How the hell do you remember the numbers in your username, hope you've got it saved in a Word file somewhere. Even worse, hope it's not your credit card number for the world to see!!!

The guys are spot on, weight is the overriding factor with 4x4's and their ability to tackle terrain you're likely to encounter when travelling.

I also agree with jellybelly, avoid a roofrack if possible. Anything protruding from the vehicle's body either on top or to the side has the potential to snag on trees, ropes, the luggage straps or bungees of tuk tuks as they squeeze past, the flapping shirts of passing cyclists in the middle of Dehli's rush hour ... you get the picture.

A quick tip folks - after having broken off umpteen CB aerials, I finally have myself a magnetic CB antenna. It has a spring at its base which copes with most things, but if it gets a real whack such as happened laning once upon a time, it will simply unmagnetise itself (is that even a word???) and fall off. Providing the cable is short between the body and the aerial, it can't go far and won't get damaged. 

On the Rangie I had it mounted on the bonnet, so it was in sight at all times - and no it was impossible to jump up through the windscreen as again, it had a short cable so could only move 4 inches even if it moved. A springy, magnetic CB mount, it'll solve all your problems!

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Nick25156843
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PostSubject: Re: Thought I should say hi   Tue Jun 18, 2013 7:37 am

Thanks every one got a lot to think about lol as for the numbers it's my old army number lol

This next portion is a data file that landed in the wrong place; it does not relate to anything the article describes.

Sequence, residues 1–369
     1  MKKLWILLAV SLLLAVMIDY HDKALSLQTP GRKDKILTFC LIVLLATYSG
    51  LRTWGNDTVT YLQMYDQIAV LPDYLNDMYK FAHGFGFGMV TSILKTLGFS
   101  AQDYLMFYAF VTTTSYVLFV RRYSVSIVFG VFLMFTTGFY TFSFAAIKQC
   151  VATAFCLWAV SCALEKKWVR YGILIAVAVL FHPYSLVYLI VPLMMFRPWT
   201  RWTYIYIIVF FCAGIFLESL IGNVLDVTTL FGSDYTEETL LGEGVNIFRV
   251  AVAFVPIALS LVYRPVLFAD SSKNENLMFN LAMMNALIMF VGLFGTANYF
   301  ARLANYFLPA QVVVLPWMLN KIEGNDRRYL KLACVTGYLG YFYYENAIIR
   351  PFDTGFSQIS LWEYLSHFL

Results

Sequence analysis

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diesel_jim
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PostSubject: Re: Thought I should say hi   Tue Jun 18, 2013 5:39 pm

Welcome mate!

that's a high army number... mine started 2477! Very Happy:D
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Assassin
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PostSubject: Re: Thought I should say hi   Thu Jun 20, 2013 5:22 am

JB:

If it don't fit in a carrier bag, it ain't going.
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Tembo
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PostSubject: Re: Thought I should say hi   Thu Jun 20, 2013 7:30 am

I often think that it was the Camel Trophy that started this fad of packing Land Rovers (and other makes now) with all the add on gear...especially roof racks loaded with stuff. Everyone saw those vehicles and seemed to think...ahh, that's how its done. I am sure there may be earlier examples, but those Camel Trophy image are everywhere.

I tend to think back to the First Overland crew from Oxford and Cambridge driving their two Series 1's from London to Singapore. Yes they carried a fair bit of kit but there was none of the stuff many see as '' essential' now. Or Tom Sheppards Joint Services expedition from the Atlantic to the Red Sea in stripped down 101s.

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Tom Mc